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New color change test may advance cancer research

Scientists from the University of Bath in England have developed a color changing test that has the potential to help advance cancer research.

Patients with different types of cancer, including prostate cancer, have higher than normal levels of a protein known as AMACR and that protein is linked to aggressiveness in cancer. Researchers have found that lowering levels of AMACR reduces the growth of cancer cells and revert them to more normal behavior.

Current methods to easily measure the functional levels of AMACR do not exist.

But researchers from the Department of Pharmacy & Pharmacology have developed an easy and low cost test that turns a clear liquid bright yellow in the presence of AMACR within minutes.

“The research suggests new ways of treating cancer can be developed based on reducing AMACR function, which is exciting, but progress has been extremely limited because of the technical difficulties in measuring function,” Dr. Matthew Lloyd from the Department of Pharmacy & Pharmacology at Bath, said in a press release. “One of the important things about our test is that we can now quickly analyze samples and start investigating the development of new treatments based on reducing AMACR function. It will also allow investigation of the underlying biology, which is currently poorly understood. There is also potential for developing the method into a new way of monitoring the cancer. This is an extremely significant step forwards in the field.”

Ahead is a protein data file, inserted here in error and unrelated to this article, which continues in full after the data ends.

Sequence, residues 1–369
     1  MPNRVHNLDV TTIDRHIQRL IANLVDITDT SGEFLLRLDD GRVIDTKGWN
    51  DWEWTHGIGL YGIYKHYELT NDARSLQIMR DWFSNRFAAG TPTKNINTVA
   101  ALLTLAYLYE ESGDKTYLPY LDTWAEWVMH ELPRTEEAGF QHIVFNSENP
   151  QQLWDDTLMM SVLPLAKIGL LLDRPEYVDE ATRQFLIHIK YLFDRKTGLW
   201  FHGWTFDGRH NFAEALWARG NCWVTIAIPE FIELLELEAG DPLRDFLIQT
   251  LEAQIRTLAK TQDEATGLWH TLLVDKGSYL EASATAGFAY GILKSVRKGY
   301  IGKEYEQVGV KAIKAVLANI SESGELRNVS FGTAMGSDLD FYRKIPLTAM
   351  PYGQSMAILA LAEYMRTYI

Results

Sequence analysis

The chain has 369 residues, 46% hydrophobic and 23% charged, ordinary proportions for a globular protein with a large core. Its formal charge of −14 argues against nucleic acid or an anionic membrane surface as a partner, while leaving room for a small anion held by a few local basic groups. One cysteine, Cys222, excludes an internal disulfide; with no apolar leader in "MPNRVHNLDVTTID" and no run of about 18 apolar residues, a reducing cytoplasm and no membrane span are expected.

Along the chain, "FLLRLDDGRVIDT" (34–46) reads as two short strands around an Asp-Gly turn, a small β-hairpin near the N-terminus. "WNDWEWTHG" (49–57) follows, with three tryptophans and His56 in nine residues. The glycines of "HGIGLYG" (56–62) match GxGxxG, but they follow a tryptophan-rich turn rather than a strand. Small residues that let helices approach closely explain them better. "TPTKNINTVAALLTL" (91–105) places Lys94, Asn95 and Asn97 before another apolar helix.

The color changing test allows for testing of many samples quickly at the same time and the functional level of AMACR can be determined more accurately than current methods.

The study was published in Chemical Communications.


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